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Mapping the Internal Nodes to External URLs

Hostmapping is an advanced configuration topic. Generally, it is only required in deployments in virtualized environments, such as Cloud deployments and some development and testing environments.

The isolation of the Hadoop cluster is accomplished through virtualization that will hide the internal networking details (such as IP addresses and/or hostnames) from the outside world, while exposing other IP addresses and/or hostnames for use by clients accessing the cluster from outside of the virtualized environment. The exposed IP addresses and hostnames are available for use in the topology descriptor service definitions. This configuration works great for requests that are initiated from the external clients themselves which only ever use the Knox Gateway exposed endpoints.

Difficulties from these virtualized environments arise when the Hadoop cluster redirects client requests to other nodes within the cluster and indicates the internal hostname locations, rather than those designated to be exposed externally. Since the Hadoop services don't know or care whether a request is coming from an external or internal client, it uses its only view of the cluster, which is the internal details of the virtualized environment.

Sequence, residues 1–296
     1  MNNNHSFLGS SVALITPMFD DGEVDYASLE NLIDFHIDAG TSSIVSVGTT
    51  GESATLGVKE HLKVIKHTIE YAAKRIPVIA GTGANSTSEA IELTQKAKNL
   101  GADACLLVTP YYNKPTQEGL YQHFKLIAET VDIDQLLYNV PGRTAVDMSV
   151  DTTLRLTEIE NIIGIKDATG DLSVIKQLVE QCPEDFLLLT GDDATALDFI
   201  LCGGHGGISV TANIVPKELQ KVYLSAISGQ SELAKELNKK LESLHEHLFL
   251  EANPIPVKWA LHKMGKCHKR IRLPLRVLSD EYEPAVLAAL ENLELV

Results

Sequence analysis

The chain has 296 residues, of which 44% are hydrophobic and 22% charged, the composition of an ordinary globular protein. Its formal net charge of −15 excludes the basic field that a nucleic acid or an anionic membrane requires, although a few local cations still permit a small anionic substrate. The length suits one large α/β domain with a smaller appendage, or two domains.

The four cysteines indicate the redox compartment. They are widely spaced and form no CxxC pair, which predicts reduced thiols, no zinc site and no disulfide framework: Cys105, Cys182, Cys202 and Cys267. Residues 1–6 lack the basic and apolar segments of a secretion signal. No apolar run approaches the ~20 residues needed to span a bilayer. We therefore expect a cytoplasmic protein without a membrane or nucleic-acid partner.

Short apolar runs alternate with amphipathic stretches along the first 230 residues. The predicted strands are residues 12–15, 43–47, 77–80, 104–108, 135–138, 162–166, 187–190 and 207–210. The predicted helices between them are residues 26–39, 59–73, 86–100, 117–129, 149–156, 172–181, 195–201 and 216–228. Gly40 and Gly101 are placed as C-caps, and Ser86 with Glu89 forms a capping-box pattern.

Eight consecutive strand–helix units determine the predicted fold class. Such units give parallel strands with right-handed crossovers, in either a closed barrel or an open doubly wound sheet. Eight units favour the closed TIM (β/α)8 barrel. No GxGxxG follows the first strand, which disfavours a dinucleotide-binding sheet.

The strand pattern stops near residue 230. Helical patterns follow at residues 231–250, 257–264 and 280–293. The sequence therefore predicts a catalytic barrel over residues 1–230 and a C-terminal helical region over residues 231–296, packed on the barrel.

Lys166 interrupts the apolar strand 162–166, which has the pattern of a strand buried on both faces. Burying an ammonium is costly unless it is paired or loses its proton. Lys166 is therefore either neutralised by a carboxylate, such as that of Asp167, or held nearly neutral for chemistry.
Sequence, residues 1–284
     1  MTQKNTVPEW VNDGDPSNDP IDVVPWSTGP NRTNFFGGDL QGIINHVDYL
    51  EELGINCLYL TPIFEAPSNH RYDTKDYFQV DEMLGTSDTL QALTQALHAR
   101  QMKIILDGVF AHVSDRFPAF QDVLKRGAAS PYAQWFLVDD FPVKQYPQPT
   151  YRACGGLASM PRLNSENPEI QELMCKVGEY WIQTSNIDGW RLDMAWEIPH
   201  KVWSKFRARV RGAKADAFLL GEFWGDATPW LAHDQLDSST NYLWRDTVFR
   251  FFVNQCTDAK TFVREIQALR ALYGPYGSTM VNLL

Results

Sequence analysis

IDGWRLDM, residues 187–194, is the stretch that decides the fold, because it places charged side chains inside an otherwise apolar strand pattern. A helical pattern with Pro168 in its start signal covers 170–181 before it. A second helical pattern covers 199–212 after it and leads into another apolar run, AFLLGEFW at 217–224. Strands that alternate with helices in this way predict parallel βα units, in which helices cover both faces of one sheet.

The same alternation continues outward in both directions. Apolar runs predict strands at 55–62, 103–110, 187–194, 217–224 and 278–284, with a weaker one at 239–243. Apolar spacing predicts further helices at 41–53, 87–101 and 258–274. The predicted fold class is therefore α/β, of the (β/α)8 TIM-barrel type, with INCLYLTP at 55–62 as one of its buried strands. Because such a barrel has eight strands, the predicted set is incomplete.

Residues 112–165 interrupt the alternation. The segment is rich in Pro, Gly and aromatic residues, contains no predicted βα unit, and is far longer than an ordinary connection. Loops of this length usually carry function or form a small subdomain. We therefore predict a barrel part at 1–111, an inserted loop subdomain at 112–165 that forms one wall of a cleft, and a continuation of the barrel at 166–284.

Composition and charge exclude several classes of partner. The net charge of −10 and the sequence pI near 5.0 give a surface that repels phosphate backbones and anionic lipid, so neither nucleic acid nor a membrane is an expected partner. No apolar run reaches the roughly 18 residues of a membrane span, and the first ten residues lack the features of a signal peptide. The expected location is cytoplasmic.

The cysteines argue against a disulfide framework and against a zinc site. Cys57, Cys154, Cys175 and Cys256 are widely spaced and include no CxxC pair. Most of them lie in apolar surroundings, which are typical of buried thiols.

The Knox Gateway needs to know how to route a request that has been redirected by the Hadoop service to an address that is not actually accessible by the gateway. Hostmapping acts as an adapter that intercepts the redirects from the Hadoop service and converts the indicated internal address to a known external address that Knox will be able to route to once the client resends the request through the client facing gateway endpoint. The gateway uses the hostmap to replace the internal hostname within the routing policy for the particular request with the externally exposed hostname. This enables the dispatching from the Knox Gateway to successfully connect to the Hadoop service within the virtualized environment. Otherwise, attempting to route to an internal-only address will result in connection failures.

A number of the REST API operations require multi-step interactions that facilitate the client's interaction with multiple nodes within a distributed system such as Hadoop. External clients performing multi-step operations use the URL provided by the gateway in the responses to form the next request. Since the routing policy is hidden by the gateway from the external clients, the fact that the subsequent requests in the multi-stepped interaction are mapped to the appropriate externally exposed endpoints is not exposed to the client.

For example, when uploading a file with WebHDFS service:

  1. The external client sends a request to the gateway WebHDFS service.

  2. The gateway proxies the request to WebHDFS using the service URL.

  3. WebHDFS determines which DataNodes to create the file on and returns the path for the upload as a Location header in a HTTP redirect, which contains the datanode host information.

  4. The gateway augments the routing policy based on the datanode hostname in the redirect by mapping it to the externally resolvable hostname.

  5. The external client continues to upload the file through the gateway.

  6. The gateway proxies the request to the datanode by using the augmented routing policy.

  7. The datanode returns the status of the upload and the gateway again translates the information without exposing any internal cluster details.